ASTRON develops heart of new SKA supercomputer

July 11, 2018 | 03:41

ASTRON, the Netherlands institute for radio astronomy, has developed the heart for the new supercomputer for the Square Kilometre Array (SKA), the future largest and most sensitive radio telescope in the world.

Square kilometre

The Square Kilometre Array (SKA) is an new radio telescope that through international cooperation is being built in Western Australia and South Africa. In Western Australia the telescope will consist of 130,000 small antennas, divided into 512 antenna fields. The design is based on ASTRON's Low Frequency Array (LOFAR) in Drenthe. With all these antennas, SKA will generate an enormous quantity of data: one petabit per second – more than three times the world-wide internet traffic in 2018.


ASTRON developed, together with the Australian research institute CSIRO, the heart of the supercomputer, the computer board Gemini, that will process all the data from Western Australia. Thanks to Gemini it becomes possible to combine the thousands of antennas into one large telescope, which is crucial for the astronomical research of SKA.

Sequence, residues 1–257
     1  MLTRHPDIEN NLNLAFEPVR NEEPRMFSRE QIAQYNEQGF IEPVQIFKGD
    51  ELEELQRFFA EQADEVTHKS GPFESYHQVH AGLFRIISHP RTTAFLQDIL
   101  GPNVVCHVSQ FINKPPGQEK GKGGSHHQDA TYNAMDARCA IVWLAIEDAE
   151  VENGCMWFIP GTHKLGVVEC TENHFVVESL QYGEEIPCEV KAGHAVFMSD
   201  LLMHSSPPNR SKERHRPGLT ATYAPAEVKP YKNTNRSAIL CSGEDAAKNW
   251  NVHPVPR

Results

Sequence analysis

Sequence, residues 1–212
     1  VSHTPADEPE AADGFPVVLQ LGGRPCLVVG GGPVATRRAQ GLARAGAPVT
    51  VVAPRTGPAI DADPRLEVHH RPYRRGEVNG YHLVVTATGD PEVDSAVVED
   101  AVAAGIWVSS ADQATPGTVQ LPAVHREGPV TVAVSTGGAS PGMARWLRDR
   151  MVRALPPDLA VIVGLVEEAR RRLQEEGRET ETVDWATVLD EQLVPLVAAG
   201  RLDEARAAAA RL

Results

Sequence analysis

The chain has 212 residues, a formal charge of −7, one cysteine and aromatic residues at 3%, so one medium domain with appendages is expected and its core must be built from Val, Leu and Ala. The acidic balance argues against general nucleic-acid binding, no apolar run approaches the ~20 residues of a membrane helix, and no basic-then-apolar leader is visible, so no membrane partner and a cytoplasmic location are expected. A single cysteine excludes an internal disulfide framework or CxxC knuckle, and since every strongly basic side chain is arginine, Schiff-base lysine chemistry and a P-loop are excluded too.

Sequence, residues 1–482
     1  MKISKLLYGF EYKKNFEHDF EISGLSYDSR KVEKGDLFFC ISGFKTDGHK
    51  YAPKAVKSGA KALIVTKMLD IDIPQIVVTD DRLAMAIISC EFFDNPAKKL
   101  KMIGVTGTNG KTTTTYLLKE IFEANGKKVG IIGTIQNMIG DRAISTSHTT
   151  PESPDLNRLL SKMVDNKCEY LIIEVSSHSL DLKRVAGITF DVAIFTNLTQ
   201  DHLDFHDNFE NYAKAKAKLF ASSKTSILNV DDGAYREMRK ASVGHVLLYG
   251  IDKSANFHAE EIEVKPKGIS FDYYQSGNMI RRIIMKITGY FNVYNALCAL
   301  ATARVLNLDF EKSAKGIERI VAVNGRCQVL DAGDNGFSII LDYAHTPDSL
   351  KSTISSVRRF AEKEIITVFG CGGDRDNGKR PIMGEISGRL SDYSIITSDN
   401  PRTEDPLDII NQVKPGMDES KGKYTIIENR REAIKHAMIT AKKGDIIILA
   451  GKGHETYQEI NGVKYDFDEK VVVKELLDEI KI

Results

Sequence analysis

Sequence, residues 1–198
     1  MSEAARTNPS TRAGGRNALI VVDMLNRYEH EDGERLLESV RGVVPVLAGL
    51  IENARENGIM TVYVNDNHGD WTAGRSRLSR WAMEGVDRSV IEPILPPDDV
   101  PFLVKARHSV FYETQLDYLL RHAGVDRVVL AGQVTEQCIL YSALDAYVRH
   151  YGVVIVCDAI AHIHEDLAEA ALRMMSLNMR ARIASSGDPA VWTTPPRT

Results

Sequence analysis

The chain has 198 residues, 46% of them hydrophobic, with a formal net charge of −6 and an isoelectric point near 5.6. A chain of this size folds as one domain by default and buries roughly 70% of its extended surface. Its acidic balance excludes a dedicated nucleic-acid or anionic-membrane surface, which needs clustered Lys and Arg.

Enormous quantities of data

Gemini is a computer board with the latest Xilinx processor (a Field Programmable Gate Array, FPGA). With this, the Gemini can process enormous quantities of data continuously. To process and combine all the data streams from the SKA in Australia, ultimately a supercomputer will be built that contains a total of 288 Gemini boards. After combining each antenna field, the supercomputer has to process a total of 5.8 terabits per seconds of data. That is why boards with efficient processors are essential. As a comparison: the Amsterdam Internet Exchange, the largest internet node in the Netherlands, has an average data rate at the entrance of 3.4 terabits per second.

Water cooling

Gemini requires a lot of energy, which is converted into heat. For the optimal cooling of the processor, ASTRON developed a special water block. The water carries the heat from the processor directly deep underground in the Australian desert. This allows the processor to be cooled much better than traditional air cooling. An additional advantage is that a cooler processor uses less energy.

Large production

For the production of the 288 Gemini-boards ASTRON works closely with Neways Electronics in Leeuwarden. Thanks to this partnership the board, despite its great complexity, can be produced in large numbers. The programming of the specialised processor will take place in a collaboration between the CSIRO and the Auckland University of Technology in New Zealand.

Source: ASTRON
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